Little is known about the Nilgiri marten specifically but, like other martens in the family Mustelidae, it is an extremely agile creature (7). It is thought to use its strong, semi-retractable claws for clinging onto trees, and its elongated tail for stability and balance while climbing and leaping high in the treetops (4) (7).
Martens are generally considered active all year round and do not seem to have a set sleeping pattern, appearing to be active during the day and night (2). They are usually solitary animals, apart from during the summer when breeding takes place (4) (7).
Martens are generally polygamous breeders (4), and although the precise gestation period for the Nilgiri marten is not known, in most other marten species it lasts for around eight to nine months. The size of the litter can vary from one to five kits, which are born with very little fur and are blind and deaf for the first few days of life. The litter is usually weaned after about seven weeks (4) (7). The young kits are able to hunt and kill their own prey by the time they are three to four months old (4).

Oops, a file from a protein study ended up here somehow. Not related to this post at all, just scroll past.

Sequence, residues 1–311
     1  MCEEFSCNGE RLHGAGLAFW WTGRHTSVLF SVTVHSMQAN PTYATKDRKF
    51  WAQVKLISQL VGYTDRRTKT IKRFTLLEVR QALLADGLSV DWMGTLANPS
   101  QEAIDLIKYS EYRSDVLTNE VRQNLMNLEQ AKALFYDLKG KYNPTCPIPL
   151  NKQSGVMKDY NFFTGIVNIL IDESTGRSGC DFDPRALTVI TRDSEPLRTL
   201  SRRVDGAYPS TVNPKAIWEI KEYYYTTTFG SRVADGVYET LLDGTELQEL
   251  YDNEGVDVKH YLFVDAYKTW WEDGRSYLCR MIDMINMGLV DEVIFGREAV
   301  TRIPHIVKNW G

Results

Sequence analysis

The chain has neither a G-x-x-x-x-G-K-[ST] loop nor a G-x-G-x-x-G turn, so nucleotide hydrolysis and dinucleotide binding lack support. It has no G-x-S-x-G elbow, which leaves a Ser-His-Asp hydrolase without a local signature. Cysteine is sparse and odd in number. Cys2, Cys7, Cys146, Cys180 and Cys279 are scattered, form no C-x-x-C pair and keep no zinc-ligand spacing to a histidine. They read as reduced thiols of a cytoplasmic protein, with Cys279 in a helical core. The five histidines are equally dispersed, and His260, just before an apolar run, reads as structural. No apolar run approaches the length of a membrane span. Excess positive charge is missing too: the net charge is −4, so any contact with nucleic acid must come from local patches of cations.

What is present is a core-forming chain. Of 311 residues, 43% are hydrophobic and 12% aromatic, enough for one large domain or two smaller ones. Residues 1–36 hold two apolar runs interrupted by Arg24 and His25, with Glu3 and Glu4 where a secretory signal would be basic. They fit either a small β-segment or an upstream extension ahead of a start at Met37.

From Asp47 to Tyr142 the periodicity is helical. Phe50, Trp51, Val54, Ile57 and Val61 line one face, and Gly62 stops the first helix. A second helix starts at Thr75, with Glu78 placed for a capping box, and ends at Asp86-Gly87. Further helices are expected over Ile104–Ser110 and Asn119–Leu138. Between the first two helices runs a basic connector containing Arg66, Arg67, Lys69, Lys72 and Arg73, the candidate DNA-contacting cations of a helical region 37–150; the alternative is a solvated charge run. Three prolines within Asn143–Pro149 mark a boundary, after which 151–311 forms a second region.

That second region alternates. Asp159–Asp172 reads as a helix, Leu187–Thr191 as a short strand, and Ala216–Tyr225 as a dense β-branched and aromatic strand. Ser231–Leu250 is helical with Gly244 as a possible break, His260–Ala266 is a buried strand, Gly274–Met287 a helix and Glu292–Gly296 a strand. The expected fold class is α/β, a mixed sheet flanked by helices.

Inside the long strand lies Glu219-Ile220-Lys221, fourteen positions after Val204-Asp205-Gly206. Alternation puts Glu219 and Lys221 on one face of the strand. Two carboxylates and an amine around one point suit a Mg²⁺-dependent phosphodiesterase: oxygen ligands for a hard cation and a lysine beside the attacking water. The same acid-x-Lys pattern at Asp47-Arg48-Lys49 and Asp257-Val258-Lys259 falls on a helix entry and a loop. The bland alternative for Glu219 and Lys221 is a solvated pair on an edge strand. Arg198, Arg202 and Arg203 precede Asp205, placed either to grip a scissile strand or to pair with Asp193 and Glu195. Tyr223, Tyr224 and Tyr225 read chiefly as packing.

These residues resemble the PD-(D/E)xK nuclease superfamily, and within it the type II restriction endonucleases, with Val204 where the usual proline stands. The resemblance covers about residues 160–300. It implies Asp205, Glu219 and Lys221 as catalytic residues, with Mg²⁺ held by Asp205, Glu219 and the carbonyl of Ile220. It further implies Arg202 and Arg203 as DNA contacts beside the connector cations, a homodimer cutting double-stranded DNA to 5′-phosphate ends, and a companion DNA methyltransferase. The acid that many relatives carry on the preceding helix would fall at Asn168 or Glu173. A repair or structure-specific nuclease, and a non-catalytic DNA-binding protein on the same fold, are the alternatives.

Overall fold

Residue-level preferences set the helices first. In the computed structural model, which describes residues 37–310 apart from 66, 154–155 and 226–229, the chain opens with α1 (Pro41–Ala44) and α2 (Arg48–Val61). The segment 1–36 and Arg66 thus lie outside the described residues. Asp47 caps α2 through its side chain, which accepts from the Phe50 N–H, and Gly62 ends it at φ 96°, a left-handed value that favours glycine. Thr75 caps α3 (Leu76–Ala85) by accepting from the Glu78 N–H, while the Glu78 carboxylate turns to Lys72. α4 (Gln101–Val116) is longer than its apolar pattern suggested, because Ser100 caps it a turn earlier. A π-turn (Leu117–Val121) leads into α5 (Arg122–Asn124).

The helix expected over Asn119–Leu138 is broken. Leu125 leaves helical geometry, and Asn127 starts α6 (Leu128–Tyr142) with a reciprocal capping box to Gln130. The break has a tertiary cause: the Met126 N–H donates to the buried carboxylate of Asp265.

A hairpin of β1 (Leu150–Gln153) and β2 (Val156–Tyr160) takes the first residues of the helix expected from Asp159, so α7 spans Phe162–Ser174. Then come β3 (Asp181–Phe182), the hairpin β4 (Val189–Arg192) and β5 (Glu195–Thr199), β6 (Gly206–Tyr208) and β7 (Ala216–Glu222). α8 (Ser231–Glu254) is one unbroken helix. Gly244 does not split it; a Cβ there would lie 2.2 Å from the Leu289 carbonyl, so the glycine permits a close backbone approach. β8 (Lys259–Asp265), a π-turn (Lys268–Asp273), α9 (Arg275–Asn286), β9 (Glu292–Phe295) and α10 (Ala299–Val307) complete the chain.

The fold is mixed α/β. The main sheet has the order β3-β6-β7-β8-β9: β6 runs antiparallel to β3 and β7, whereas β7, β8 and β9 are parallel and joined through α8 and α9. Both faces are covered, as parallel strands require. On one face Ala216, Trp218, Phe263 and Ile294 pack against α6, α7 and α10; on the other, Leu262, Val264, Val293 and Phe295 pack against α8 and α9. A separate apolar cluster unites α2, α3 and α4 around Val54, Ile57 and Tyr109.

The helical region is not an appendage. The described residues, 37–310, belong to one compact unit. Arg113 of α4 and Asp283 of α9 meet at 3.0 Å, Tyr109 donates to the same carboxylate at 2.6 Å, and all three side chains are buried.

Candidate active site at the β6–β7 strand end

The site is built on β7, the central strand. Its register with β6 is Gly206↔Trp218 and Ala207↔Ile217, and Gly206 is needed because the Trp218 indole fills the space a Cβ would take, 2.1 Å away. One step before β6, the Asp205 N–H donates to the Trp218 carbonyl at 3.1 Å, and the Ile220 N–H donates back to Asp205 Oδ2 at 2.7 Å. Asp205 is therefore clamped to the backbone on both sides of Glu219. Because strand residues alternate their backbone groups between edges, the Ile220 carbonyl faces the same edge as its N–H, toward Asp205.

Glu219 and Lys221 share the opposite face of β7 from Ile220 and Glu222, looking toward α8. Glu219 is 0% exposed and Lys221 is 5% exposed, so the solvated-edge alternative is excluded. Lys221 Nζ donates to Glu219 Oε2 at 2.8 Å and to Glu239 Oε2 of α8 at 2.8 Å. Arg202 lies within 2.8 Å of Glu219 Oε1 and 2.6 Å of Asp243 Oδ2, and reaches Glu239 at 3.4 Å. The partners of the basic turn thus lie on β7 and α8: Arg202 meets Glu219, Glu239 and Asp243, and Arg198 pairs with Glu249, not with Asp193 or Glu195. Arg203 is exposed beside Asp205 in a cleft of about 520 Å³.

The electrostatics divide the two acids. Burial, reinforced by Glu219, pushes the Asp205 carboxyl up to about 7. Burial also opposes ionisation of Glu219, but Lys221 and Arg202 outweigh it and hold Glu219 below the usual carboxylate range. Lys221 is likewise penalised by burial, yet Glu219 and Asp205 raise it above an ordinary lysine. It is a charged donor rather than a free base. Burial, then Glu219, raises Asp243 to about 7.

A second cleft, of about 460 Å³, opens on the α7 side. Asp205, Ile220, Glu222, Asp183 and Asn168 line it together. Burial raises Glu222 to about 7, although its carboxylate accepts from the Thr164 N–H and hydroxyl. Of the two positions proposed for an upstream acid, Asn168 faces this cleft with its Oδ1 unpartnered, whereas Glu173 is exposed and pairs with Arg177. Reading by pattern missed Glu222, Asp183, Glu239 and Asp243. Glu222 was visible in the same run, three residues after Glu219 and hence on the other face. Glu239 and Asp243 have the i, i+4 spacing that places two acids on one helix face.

The Nilgiri marten primarily feeds on fruit and insects but has been known to target small birds and mammals. It has even been seen consuming nectar (1).
The Nilgiri marten is a highly territorial species. Like other mustelids, the Nilgiri marten will mark paths with urine or scent produced from its anal glands (4). The male Nilgiri marten will follow these marked pathways in order to patrol its territory (7).